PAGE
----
Rens Lieman, a contributing editor at Esquire magazine (Dutch edition), is launching a privacy experiment asking hackers to discover all the data they can gather about him:
[blockquote]For Esquire, I wanted to write a story about online privacy and the way information about us, civilians, is stored in so much online databases. Since I’ve read about hackers hiring their services (like stealing credit card information) on dubious internet forums for shockingly affordable prices, I planned to getting myself hacked in order to show our readers how much data/information there is about me (and therefore anyone else) online. Therefore, I’m asking around if hackers, social engineers, coders, software engineers, etc, can help me out by trying to find out everything they can about me. Locations, credit card date, mails, cell phone records, web history, etcetera. I’ll publish their findings, though it will be probably private and potentially embarrassing stuff about me.[/blockquote]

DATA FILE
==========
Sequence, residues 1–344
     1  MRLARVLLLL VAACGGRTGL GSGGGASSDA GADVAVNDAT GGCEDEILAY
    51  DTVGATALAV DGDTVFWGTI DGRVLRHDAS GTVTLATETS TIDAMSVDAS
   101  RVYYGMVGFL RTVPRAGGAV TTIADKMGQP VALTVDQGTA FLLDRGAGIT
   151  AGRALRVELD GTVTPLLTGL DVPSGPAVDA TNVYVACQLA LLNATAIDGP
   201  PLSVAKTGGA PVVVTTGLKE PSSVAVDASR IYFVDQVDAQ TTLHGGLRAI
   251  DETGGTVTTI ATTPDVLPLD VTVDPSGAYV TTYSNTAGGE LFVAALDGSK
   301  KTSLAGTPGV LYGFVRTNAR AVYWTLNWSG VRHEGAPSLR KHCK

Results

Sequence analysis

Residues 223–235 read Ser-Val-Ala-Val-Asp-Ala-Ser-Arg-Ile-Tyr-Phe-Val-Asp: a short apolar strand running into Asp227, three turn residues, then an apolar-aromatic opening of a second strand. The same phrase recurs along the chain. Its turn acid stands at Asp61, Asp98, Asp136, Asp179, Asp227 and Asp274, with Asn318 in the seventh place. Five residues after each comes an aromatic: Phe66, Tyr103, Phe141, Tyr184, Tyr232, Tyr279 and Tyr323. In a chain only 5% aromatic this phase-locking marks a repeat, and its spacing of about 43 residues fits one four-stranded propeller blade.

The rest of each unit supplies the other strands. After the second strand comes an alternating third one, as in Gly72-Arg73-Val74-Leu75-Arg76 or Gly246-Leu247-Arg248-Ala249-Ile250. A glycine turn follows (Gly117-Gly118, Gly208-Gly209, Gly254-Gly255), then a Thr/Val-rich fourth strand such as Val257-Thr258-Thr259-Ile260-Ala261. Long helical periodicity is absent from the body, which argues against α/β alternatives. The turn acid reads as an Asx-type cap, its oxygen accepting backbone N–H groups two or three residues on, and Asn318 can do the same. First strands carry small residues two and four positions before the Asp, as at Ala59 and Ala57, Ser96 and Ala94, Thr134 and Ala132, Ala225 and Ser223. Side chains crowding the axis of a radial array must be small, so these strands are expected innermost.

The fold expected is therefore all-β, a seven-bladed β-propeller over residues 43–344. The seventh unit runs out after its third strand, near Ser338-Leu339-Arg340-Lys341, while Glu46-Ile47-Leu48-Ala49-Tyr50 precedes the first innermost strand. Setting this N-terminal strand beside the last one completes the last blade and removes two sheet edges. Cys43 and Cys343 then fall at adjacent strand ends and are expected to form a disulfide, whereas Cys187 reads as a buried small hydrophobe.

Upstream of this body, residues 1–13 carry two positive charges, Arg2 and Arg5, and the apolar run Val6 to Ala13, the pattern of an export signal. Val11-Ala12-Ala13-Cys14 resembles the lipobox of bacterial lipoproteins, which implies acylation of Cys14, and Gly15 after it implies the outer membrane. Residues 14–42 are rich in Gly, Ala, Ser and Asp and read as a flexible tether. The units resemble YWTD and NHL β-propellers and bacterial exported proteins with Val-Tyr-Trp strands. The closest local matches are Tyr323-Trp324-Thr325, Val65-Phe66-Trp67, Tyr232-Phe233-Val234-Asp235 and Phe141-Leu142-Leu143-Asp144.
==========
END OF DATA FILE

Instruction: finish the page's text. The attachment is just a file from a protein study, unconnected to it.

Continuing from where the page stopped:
Rens has asked that you share any data you find with him. It’s important to him that no information that might harm other people be published and that details that might allow for financial fraud be protected. e.g. credit card numbers and security codes. Says Rens:
[blockquote]Exposing the nature of the findings is good though, and I would like to get in contact with the ones who find the most interesting stuff to have them share their exact findings with me. I’ll publish everything in Esquire, as long as it is safe to do so and doesn’t involve other people. [/blockquote]
If you would like to participate, you can collaborate with others via the Twitter hashtag #hackrens. Please also retweet this announcement: Rens Liemans Wants You to Hack Him.
Here’s some basic information we know about him: